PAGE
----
Printed guns could simply add to this habit. Their potential intractability will allow agencies like the CIA to support foreign paramilitary forces more covertly. In a less controversial context, Special Forces, deployed in far-away countries, will welcome the ability to manufacture their own weapons to satisfy pressing operational needs. Unsurprisingly, the U.S. Department of Defense has already launched a pilot program to explore the possibilities of additive manufacturing, or 3-D printing.
Given the government’s consent for the use and dissemination of firearms in these situations, some commentators consider its opposition to printed guns to be an hypocrisy. There is no denying that the ability to manufacture and distribution of weapons is in the public interest, the question is who and how should this interest be represented?
For libertarians, the advent of ghost guns is an expression of their right to bear arms, as inscribed in the Second Amendment to the U.S. Constitution. From this perspective, ghost guns can empower the people against big government and corporations. Robert Steele, a former CIA officer turned open source activist, notes that ghost guns challenge what he considers to be “the two greatest threats to humanity, the government monopoly on force, and the corporate monopoly on information.” In his opinion, open source everything, including firearms, is the antidote.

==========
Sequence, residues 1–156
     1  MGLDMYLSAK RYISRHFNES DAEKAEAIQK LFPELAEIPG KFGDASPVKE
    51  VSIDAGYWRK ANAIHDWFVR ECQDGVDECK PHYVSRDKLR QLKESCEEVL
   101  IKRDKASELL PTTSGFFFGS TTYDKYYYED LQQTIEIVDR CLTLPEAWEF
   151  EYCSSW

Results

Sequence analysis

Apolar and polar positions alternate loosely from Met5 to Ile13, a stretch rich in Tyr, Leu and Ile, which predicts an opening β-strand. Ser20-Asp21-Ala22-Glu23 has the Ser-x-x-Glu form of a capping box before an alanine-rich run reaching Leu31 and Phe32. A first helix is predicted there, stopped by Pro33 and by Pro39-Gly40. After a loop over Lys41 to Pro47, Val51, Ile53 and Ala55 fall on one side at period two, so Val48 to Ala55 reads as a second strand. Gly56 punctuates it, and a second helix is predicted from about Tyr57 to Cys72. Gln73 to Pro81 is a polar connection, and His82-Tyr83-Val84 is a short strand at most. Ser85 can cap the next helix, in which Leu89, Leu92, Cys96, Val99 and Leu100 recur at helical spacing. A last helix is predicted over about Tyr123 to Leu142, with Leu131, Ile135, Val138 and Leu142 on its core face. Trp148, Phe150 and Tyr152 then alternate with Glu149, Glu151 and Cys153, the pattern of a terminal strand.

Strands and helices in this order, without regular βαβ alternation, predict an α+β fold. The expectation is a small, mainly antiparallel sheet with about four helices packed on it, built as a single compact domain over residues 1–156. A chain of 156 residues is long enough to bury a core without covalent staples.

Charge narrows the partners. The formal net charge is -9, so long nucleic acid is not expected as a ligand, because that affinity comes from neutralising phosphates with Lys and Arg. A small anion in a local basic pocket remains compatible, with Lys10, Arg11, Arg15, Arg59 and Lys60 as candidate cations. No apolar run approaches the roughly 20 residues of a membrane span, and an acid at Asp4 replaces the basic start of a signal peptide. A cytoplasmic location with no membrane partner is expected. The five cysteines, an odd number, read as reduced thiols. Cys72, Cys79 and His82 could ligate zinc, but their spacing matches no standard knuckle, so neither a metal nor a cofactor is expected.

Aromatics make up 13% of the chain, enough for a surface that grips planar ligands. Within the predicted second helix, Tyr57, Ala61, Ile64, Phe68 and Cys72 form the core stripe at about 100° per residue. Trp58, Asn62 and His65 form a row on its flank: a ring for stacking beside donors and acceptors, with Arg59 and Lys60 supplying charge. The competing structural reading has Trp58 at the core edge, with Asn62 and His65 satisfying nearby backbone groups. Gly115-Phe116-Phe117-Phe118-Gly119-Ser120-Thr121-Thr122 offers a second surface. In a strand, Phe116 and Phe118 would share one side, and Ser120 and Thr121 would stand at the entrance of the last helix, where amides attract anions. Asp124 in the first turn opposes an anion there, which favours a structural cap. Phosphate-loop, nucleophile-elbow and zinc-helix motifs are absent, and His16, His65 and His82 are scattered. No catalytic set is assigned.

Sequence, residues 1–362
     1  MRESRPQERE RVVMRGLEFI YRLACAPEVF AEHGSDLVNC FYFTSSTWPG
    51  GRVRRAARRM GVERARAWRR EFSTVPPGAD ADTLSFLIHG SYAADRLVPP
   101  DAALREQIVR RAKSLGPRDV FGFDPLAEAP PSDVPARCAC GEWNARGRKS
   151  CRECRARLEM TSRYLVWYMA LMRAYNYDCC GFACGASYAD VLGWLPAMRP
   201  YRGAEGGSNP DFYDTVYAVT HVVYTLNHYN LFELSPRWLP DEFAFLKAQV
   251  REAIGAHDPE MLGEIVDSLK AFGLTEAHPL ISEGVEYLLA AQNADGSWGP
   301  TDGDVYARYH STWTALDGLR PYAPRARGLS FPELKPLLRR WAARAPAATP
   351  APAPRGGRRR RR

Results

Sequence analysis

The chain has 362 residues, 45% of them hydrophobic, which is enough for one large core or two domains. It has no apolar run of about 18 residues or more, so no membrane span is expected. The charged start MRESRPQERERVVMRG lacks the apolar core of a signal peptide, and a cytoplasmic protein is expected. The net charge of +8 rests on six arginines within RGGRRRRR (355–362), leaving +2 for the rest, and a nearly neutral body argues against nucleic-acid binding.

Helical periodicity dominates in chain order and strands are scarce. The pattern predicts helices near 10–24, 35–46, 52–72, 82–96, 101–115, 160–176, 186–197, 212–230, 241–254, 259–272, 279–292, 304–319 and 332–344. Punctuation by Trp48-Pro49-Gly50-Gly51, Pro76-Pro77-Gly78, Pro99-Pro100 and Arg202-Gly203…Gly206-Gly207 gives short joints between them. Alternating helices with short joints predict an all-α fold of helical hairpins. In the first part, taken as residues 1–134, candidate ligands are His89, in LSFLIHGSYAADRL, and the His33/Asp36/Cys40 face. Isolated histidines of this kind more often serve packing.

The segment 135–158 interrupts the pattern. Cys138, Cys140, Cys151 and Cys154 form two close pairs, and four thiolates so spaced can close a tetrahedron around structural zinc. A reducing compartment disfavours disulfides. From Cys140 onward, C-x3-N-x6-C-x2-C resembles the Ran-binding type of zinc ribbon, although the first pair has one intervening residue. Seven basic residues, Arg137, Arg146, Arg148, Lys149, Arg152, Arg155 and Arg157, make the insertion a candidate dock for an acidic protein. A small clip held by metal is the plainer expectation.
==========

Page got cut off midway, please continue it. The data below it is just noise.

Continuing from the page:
Anti-gun advocates will point out that more people already die of gun violence in the U.S. than in all the other Western states. To them, printed guns and the complete liberalizations of firearms are worrying because they have the potential to multiply firearm related deaths.
In practice, it may already be too late — perhaps even useless — to hold a new debate between libertarian and gun control advocates since easy access to guns, through 3-D printing, may soon become the norm. When this will be the case, governments will have a hard time preventing people from printing what they want, including guns. Blueprints may not be readily available on internet anymore, but in the age of internet, they will remain so to those who are keen enough to look for them.
If firearms do become so readily available, most Western governments and societies will have a hard time coping with the societal impact. In Europe, where political culture has traditionally given a much greater role to the state in security matters, most citizens fear and dislike firearms and have little to no knowledge of basic gun safety rules. The advent of ghost guns could therefore lead to a growing number of incidents related to firearms. Their accessibility will also offer gun-seeking criminals an additional and more discreet source of supply.
For the time being, ghost guns constitute an opportunity for citizens to re-consider the role our governments and for-profit companies play in the market for firearms, and the politics behind selective gun control. At a societal level, the possibility of a complete liberalization of firearms creates a compelling need to educate younger generations about the use of firearms.
Dr. Damien Van Puyvelde is Assistant Professor of Security Studies and Associate Director for Research at the National Security Studies Institute, The University of Texas at el Paso. His research focuses on the relationship between democracy and security.